Provide habitat for pollinators
Urbanization, loss of undisturbed natural areas and crop monocultures are partially to blame for the crisis facing pollinators. What can you do?
Support native pollinators by providing habitat and forage.
Utilizing the urban landscape to help solve the pollinator crisis isone of the most powerful ways that individuals can make a difference.
A landscape that is made up predominately of turfgrass and non-flowering plants does not provide pollinators with food and forage.
Compared to a landscape made up of a variety of plants with a large number of flowering shrubs, trees, annual and perennial flowers that provides a diversity of food and forage for pollinators of all types and sizes.
This garden is located in a parking lot at the Colorado Department of Agriculture offices in Broomfield. The garden attracts a wide variety of pollinatorsby providing forage through plants that bloom in the spring, summer, and fall.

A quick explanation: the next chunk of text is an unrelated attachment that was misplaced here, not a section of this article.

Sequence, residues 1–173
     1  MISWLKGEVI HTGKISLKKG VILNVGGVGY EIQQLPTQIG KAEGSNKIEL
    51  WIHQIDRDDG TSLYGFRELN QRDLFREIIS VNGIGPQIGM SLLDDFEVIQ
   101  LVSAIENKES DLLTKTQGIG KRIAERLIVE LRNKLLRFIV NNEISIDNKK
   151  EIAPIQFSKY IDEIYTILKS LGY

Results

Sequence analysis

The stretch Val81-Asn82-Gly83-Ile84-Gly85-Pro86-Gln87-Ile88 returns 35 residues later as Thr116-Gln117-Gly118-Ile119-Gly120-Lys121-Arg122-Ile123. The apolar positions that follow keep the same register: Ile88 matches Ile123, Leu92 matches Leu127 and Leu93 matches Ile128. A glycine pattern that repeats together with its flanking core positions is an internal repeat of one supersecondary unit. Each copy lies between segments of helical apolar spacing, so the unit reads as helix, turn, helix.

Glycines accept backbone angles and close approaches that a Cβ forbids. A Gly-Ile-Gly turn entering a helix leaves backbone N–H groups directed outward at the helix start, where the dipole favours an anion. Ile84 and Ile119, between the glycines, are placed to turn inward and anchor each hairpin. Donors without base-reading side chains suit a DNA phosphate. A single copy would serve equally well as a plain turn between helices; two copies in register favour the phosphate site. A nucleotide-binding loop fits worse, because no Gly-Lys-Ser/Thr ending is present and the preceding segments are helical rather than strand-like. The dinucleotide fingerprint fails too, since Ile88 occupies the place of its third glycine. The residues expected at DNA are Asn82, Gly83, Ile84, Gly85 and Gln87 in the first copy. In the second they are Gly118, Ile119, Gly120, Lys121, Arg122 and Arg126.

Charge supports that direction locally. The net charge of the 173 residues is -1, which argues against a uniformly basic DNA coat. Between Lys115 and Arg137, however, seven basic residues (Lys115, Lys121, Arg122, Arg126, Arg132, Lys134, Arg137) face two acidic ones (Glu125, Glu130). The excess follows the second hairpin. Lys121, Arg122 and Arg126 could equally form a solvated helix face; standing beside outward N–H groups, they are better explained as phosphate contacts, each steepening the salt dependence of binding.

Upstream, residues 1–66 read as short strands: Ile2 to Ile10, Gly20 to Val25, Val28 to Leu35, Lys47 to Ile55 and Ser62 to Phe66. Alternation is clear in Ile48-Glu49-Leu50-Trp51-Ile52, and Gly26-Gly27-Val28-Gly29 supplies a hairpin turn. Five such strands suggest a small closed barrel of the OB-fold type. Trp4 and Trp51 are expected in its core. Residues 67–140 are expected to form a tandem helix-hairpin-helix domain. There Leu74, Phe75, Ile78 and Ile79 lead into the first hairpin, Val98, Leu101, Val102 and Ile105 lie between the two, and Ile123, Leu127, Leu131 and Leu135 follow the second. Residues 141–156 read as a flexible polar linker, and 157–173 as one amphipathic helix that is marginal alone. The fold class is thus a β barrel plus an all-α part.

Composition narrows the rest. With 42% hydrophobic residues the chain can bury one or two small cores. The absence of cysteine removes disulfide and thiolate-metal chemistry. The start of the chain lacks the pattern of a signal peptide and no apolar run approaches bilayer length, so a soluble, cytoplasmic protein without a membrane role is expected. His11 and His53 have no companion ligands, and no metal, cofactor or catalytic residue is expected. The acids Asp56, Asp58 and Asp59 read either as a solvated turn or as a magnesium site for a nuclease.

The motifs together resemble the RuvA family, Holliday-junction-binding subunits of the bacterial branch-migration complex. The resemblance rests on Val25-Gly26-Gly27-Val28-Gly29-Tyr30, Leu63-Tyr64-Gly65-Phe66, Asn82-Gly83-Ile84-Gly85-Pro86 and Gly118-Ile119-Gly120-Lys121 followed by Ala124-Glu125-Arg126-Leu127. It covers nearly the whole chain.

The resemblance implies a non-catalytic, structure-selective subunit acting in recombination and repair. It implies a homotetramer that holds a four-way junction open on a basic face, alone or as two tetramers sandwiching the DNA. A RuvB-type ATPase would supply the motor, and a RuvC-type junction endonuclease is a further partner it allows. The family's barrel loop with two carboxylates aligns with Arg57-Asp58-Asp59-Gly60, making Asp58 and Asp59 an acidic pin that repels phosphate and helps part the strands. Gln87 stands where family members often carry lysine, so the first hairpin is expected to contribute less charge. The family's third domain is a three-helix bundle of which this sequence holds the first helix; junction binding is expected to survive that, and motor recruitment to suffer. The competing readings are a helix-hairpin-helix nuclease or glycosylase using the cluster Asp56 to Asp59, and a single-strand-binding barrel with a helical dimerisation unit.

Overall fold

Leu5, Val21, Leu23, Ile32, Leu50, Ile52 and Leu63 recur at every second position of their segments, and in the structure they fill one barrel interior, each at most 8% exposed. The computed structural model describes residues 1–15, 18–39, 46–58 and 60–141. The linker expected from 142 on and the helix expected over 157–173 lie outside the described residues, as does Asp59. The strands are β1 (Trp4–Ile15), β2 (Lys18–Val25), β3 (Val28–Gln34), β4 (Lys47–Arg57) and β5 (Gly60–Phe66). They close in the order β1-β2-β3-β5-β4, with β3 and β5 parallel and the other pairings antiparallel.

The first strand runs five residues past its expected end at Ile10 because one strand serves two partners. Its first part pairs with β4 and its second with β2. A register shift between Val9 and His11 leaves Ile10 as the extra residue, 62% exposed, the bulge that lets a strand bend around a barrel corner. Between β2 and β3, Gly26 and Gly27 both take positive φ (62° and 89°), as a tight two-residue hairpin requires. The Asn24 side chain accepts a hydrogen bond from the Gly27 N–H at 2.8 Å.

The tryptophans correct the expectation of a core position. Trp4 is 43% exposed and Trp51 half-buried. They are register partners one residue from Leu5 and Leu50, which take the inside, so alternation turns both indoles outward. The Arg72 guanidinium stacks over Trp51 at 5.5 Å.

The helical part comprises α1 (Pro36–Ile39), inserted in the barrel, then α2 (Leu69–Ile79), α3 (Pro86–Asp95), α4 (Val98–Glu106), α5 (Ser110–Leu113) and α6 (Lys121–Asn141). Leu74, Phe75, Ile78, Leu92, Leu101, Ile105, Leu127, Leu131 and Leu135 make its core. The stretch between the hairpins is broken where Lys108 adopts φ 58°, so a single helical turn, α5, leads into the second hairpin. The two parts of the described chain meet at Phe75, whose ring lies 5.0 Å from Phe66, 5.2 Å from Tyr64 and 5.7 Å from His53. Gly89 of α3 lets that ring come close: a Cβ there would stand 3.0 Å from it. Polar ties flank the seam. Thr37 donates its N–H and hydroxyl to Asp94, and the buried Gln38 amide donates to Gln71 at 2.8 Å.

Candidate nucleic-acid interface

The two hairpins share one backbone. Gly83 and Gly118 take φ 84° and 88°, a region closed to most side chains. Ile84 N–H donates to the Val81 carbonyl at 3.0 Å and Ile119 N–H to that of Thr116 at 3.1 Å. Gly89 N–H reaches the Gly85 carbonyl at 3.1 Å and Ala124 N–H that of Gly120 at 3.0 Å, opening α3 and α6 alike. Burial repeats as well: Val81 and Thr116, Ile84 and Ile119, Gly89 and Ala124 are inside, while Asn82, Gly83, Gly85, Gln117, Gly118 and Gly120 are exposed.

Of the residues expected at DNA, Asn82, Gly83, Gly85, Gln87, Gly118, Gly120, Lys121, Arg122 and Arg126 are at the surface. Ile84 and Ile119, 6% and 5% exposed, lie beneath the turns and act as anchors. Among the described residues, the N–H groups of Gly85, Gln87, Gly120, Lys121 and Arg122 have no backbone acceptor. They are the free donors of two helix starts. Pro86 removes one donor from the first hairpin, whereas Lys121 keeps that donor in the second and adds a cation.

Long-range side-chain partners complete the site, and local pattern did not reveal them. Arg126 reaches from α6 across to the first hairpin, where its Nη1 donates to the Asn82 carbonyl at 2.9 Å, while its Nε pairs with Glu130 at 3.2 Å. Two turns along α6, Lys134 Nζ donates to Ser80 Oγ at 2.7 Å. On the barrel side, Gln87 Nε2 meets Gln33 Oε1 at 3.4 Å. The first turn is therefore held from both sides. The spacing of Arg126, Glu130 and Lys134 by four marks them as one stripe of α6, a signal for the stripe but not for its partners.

How you can make a difference:
- Plant a wide variety of blooming trees, shrubs, annuals and perennials in your yard. Sonya Anderson with the Denver Botanic Gardens explains how, with Plant Select plants, inPlants, Select and Pollinators; or find a list ofLow Water Native Plants for PollinatorsandAttracting Butterflies to the Garden.
- Advocate for the planting and seeding of plants that attract pollinators in parks, golfcourse roughs, open-space areas and along roadways.
- Avoid applying pesticides to plants in bloom. See the pesticide and pollinator safety page for more information.
How the State of Colorado is making a difference:
Need more information and education on the appropriate plants for Colorado landscapes and Colorado native plants?